Aug 10

South Africa’s press freedom: the tipping point

It’s a sad but plain fact that underground political movements, however excellent their democratic aims, are sometimes run by people who are themselves a little challenged in the tolerance and liberalism departments.

When South Africa created a new, post-apartheid constitution in 1994 that documen swept away the media controls which had been used for many years by the white-majority government. The new freedoms created have not been free from controversy (they never are), but have played a role in a building a varied, vigorous and independent news media.

To cite only one example, the media played a significant role in revealing allegations against Jackie Selebi, the ex-commissioner of police who was recently jailed for 15 years on corruption charges. The government vilified the journalists who broke the story but in the end failed to quash the controversy.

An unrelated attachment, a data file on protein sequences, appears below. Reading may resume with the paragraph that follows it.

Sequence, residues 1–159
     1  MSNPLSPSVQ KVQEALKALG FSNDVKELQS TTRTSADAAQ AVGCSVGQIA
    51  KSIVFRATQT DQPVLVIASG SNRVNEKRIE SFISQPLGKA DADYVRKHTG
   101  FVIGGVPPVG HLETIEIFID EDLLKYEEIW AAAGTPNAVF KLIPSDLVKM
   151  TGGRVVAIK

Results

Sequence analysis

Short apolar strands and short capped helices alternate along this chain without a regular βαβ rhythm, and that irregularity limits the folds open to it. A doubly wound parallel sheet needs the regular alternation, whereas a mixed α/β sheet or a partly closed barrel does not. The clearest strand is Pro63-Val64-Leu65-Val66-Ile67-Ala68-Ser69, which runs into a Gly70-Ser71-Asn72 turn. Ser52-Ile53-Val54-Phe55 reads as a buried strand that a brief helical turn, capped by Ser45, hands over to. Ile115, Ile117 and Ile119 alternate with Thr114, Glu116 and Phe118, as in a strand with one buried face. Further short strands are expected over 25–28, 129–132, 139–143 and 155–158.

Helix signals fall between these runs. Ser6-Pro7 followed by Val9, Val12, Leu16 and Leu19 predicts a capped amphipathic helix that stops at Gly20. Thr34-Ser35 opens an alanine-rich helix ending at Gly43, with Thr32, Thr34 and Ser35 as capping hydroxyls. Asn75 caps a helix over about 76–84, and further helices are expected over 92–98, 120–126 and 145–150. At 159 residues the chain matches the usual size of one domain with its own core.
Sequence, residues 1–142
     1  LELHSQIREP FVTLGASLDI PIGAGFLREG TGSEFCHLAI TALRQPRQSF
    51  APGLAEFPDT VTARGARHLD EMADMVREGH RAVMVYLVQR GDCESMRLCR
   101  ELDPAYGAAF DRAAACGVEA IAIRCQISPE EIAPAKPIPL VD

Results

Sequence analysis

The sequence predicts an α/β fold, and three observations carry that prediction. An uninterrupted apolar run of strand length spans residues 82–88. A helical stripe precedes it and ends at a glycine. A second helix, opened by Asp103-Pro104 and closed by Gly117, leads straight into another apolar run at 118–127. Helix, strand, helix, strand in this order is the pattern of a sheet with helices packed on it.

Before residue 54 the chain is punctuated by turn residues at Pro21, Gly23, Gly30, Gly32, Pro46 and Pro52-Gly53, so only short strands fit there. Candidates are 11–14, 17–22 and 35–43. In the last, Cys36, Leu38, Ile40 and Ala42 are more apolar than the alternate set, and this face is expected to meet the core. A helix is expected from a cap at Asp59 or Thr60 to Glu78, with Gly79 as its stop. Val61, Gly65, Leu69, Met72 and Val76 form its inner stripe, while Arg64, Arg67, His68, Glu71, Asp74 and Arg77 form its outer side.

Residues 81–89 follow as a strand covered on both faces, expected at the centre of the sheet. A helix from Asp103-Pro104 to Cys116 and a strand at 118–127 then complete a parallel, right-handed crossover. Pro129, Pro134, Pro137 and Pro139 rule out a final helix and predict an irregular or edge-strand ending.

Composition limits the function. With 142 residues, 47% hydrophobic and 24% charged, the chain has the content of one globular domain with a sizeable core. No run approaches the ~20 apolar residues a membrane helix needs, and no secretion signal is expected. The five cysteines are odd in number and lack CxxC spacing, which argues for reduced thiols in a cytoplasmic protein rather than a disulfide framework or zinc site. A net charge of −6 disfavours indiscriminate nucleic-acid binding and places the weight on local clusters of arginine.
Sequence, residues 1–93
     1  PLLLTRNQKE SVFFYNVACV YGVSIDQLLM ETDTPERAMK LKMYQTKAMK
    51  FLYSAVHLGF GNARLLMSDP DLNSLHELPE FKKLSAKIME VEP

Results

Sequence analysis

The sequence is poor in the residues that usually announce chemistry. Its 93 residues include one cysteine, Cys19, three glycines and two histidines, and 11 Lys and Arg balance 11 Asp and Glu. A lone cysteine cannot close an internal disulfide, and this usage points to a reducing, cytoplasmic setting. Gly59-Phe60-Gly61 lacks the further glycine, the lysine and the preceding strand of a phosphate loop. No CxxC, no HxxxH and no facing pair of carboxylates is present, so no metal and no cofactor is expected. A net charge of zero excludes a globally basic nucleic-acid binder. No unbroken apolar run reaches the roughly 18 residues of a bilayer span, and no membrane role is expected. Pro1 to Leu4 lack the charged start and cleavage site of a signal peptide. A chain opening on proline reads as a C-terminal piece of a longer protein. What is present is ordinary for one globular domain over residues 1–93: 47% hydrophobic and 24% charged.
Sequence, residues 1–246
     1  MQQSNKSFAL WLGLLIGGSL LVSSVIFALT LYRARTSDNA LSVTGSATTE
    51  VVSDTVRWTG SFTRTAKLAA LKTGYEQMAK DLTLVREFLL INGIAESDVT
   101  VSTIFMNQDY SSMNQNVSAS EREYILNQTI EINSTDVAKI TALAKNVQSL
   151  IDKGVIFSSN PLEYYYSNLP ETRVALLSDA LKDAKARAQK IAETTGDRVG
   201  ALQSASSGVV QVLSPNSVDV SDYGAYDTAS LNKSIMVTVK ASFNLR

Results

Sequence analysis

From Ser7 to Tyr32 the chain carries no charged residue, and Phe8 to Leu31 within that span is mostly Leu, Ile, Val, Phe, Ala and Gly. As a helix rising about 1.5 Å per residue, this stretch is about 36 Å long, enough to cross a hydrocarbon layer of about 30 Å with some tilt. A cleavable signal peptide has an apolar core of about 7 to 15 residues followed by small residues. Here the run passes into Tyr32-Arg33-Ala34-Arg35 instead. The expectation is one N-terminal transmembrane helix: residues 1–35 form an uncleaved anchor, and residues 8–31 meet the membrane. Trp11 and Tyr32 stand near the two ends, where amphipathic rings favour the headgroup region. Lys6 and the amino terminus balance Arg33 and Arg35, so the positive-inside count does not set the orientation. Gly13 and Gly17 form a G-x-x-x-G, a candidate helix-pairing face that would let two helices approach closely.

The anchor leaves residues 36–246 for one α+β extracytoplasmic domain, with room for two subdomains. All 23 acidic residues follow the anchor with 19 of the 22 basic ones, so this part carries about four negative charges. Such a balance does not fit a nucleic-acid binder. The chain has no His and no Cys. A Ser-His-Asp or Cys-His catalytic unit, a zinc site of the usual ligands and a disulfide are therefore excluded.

South Africa is not formally a one-party state, but its governance is dominated by the African National Congress (ANC). The ANC’s leaders have had enough of press freedom and introduced a draft bill which will drastically curtail it. If the bill reaches the statute book in its current form, South Africa will tip towards the authoritarian state which at least some ANC leaders wanted all along. It would be a miserably sad outcome.

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